The City of Boise has not responded to requests for comment from BoiseDev on a wide variety of stories in recent weeks. They will also not comment on wether it is policy to not respond to specific reporters.

UPDATE: Statement from Concerned Boise Taxpayers:  

 “This new pivot from the mayor only raises more questions. Now, more than ever, the city needs to slow down, be transparent and show some fiscal responsibility. While we strongly support any effort to help CWI, we also want to make sure that Boise taxpayers are protected from poor decisions about a baseball stadium.”

Controversial housing project development changes gears

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Developers have changed their plan for 126 apartment homes on Warm Springs Ave. in Barber Valley.

BoiseDev was the first to report on the planed Barber Hills Vistas project in April. The project met resistance of neighbors in the nearby Dallas Harris Estates subdivision (disclosure: I own a home here). 

The new plan replaces the apartment complex idea with 47 homes with alley-loaded garages, similar to the neighboring Harris Ranch development. It would also include a 50 foot wildlife corridor along the west side of the property, as well as a "wetland enhancement area" that would be adjacent to an existing pond an nature trail area owned separately. 

 

Public market concept at Spectrum gets name, open date

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The public market concept slated for the Boise Spectrum has a name and scheduled opening date.

Boise Spectrum owners DD Dunlap Companies have struggled to fill vacancies at the center since purchasing it from Hawkins Companies.  When it first opened, the Edwards Cinemas-anchored village space featured Jamba Juice, Moxie Java, Pronto Pups, Yen Ching, Game World, Goodie's and even a pair of live radio stations.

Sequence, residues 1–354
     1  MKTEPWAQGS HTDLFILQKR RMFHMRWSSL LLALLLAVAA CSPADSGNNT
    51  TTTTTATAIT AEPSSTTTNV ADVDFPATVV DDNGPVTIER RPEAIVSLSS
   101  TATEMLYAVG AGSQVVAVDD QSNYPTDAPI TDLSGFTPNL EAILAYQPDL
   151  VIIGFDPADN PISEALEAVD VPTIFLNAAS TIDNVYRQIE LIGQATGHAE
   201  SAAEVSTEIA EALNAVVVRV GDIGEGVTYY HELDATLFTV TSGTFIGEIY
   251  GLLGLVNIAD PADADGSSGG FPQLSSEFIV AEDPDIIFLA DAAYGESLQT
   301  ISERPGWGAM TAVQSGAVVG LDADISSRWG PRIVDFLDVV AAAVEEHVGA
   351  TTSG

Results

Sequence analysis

In years since, the retail environment has declined and all the above tenants have moved out or closed. Some have been replaced, and others spaces have sat vacant for years.

A remodel in 2015 hasn't filled all the empty spaces,  so the ownership group will push together four empty stores to create the new 7,200 square foot public market.

Chow Public Market + Eatery is now slated to open in May, 2018.  

Plans indicate the new project will include a bar, market, food court and retail space. The remodel will cost about $650,000.

"It’s different than a local farmer market or chain franchise," owner Nicholas Jones wrote in a blog. "The Chow Public Market and Eatery is focused on connecting people and providing a place where people can come relax, drink and eat. You can even do a little shopping for high quality local goods while you’re there."

The concept could have company - from the former owner of the Spectrum complex no less. Hawkins Co. is shopping a covered market in an area with built in foot traffic along 8th St. in its newly acquired Capital Terrace building.

Rendering courtesy Chow Public Market & Eatery

Rendering courtesy Chow Public Market & Eatery

Fewer lanes, no bike lanes & parking on Front & Myrtle? Consultant plan is just the start

Front Street & Myrtle Street run through the heart of Boise - part of a highway and freeway system that move cars into, out of and through Downtown.  But the roads present a literal barrier to those on foot - serving as a major dividing line in the Capitol City's heart.

Changes could be coming to those streets, but a consultant's ideas may be a tough sell.

BoiseDev was the first to report on the project to develop a set of plans to make Front St. and Myrtle St. as they run through Downtown more than just freeway offshoots.  Now, for the first time, the plan is revealed here to the public.

Sam Schwartz Consulting has turned in its Front and Myrtle Alternatives Analysis - which lays out the current situation and potential future of the two roads.

Front Street from above. Don Day/BoiseDev.com

Front Street from above. Don Day/BoiseDev.com

Front and Myrtle form a couplet - flowing off the Interstate-184 freeway and ending at Broadway Avenue.  The streets were a vital part of the early-90s era Broadway-Chinden Connector which remade east-west transit through the city core.  That project put a "freeway to freeway" connection right through Downtown Boise.

Each of the streets is controlled by the Idaho Transportation Department as state highways, and as such are not under the purview of the Capital City Development Corporation or City of Boise, or even the county-wide Ada County Highway District.